We know that not everyone is a natural at organization. With spring cleaning around the corner, we interviewed an organization expert and put together a guide that’ll help out even the messiest of cleaners. Happy Cleaning!
For organization enthusiasts, spring cleaning might as well be a holiday. But for people who aren’t so naturally organized, the thought of spring cleaning can feel overwhelming. Where to start? What to organize? And how, exactly, do you do the organizing?
We asked organization expert Maura Fitzgerald of Fitz Just Right for her insights on how to make the spring cleaning process as easy, streamlined, and straightforward as possible—no matter how messy, disorganized, or cleaning averse you may be. Here are her top tips for getting organized this spring:
Follow The Formula
It doesn’t matter if your spring cleaning consists of organizing your closet, getting your garage in order, or (finally!) clearing out the area under your bed; the steps to getting organized are all the same. And all you have to do? Follow the formula.
“Step one is to always pull everything out,” says organization expert Maura Fitzgerald of Fitz Just Right. Take everything out of the space you’re organizing it and spread it on the floor.
Once all your items are spread out, it’s time to start categorizing your items and separating them into piles (so, for example, if you were organizing a closet, you might make separate piles for shirts, pants, shoes, and accessories; if you were organizing your pantry, you might make separate piles for spices, canned goods, dry goods, and baking supplies).
Once everything is sorted and categorized into piles, it’s time for the most important part of the organization process—purging your space of the items you no longer need.
Getting rid of things is challenging for a lot of people—but it’s an absolute must if you want your spring cleaning efforts to help you get (and stay!) organized. “A lot of people really like to hold on to things, but being ruthless with yourself is always my advice when people are [organizing] on their own,” says Fitzgerald. “[Purging and getting rid of things makes] putting back, which is the next step, a whole lot simpler and a whole lot prettier in the end.”
The formula is simple: pull everything out, categorize the items, get rid of what you don’t need, put everything back. And if you follow it, it will help you get organized—no matter what projects you tackle during spring cleaning.
Measure Your Space
Bins, baskets, and other organization supplies can be a huge help during spring cleaning. But before you start buying those supplies, it’s important to invest in one tool first—and that’s a measuring tape.
“Whether you're going to use bins or shelf dividers or drawer inserts or that kind of thing, you need to have…[accurate] measurements on hand when you [shop for supplies],” says Fitzgerald. “So, number one is a measuring tape. Do not buy anything [before you measure the spaces you’re organizing]. It's going to potentially be wasted money until you have exact measurements.”
Once you have the right measurements, you can figure out what supplies you need to organize your space—and from there, you can shop for the supplies you need in the right size, style, and price range.
“Every space is pretty unique,” says Fitzgerald. “[Whatever your style and budget], there are bins and baskets and whatever for literally every aesthetic—and also at every price range.”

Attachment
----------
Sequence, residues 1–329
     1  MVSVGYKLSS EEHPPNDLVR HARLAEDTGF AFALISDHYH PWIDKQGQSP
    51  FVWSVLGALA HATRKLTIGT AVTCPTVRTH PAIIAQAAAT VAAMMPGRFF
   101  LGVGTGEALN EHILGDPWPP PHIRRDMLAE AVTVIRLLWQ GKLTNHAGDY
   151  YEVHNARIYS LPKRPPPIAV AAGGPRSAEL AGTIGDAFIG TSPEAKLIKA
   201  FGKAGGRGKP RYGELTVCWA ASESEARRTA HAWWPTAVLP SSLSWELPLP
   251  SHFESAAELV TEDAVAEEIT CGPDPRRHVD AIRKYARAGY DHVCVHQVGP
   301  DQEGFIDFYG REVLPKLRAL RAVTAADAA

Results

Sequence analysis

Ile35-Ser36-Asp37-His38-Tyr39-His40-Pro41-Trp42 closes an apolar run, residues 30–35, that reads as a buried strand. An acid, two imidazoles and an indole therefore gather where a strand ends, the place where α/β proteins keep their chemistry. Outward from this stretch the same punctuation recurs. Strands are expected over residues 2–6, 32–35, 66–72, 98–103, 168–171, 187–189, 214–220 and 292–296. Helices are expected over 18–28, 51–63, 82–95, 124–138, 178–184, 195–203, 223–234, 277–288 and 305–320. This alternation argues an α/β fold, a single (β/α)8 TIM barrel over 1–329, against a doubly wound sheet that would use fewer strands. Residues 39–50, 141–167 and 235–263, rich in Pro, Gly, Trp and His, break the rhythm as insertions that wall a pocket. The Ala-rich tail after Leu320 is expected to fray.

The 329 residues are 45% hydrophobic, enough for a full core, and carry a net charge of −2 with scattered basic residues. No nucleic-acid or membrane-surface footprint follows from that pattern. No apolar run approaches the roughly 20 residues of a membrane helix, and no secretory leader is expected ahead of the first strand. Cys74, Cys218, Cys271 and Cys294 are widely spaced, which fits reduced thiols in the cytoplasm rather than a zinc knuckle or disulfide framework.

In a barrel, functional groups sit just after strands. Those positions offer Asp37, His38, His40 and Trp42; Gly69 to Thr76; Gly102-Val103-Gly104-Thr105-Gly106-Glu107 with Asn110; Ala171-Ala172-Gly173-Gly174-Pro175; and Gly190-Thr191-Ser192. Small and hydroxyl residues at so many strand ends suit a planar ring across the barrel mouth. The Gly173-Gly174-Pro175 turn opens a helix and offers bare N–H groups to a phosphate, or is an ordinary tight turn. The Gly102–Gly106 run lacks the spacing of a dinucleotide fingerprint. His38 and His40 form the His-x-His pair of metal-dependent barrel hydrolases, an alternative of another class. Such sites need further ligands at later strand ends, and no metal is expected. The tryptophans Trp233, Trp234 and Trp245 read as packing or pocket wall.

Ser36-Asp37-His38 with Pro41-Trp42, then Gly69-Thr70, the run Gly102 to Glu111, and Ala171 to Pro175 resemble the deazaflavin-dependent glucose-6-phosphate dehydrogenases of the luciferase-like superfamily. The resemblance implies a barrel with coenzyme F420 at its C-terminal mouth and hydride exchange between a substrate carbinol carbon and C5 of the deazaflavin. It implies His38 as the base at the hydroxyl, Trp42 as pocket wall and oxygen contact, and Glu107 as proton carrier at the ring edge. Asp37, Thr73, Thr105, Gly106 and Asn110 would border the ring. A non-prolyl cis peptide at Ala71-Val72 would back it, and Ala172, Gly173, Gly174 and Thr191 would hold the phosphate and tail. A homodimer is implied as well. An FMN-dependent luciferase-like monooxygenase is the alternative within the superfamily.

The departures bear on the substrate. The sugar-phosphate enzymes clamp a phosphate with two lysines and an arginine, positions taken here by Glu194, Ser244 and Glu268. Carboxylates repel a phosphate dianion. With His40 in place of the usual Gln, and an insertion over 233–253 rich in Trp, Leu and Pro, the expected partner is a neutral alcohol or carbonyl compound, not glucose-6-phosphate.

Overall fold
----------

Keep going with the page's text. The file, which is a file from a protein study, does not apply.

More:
You might be tempted to kick off spring cleaning by crossing your biggest, most daunting organization project off your to-do list. But trying to tackle too much at once “can often lead to just unfinished projects, then being overwhelmed, and the kind of ‘throw your hands in the air’ kind of situation that most people find themselves in,” says Fitzgerald.
So, if you want to successfully make it through spring cleaning season? Start small.
Look for small clean-up projects around your house that you can successfully tackle in an hour or less. “Drawers, medicine cabinets, countertops, things where paper tends to accumulate, mail, kids artwork, kids school work, permission slips...things like that,” says Fitzgerald.
Successfully getting through smaller cleaning and organization projects “provides people with this sense of accomplishment...and capability. Like, ‘I can do this, right?,’” says Fitzgerald. Or, in other words, the more small projects you’re able to get done, the more confidence you’ll get to move on to bigger projects.
...then tackle the projects that will deliver the most impact
Once you’ve built up your confidence organizing drawers, cabinets, and other small spaces in your home, you’re ready to tackle a larger project. But where to start?
You might think the best place to start is the area of your home that needs the most organization. But if you want to get the most spring cleaning bang for your buck, it’s best to identify the area of your home bothers you the most—“What's the first thing that you think about in the morning? What's the last thing you think about when you go to bed?,” says Fitzgerald. “So, basically what's driving you the most crazy?”—and then start there.
For example, do you get super frustrated when you can’t find the right-sized sheets? Then organizing your linen closet would be a good place to start. Do you end up ordering takeout because it’s too frustrating to track down all the utensils you need to cook a meal? Then organizing your kitchen would be time well spent.
The point is, you want spring cleaning to have a real, measurable impact on your day-to-day life—and organizing the areas of your home that already cause you frustration is going to deliver that benefit.
“I am a firm believer in clear space, clear mind,” says Fitzgerald. “So, if it's cluttering your mind, start with that.”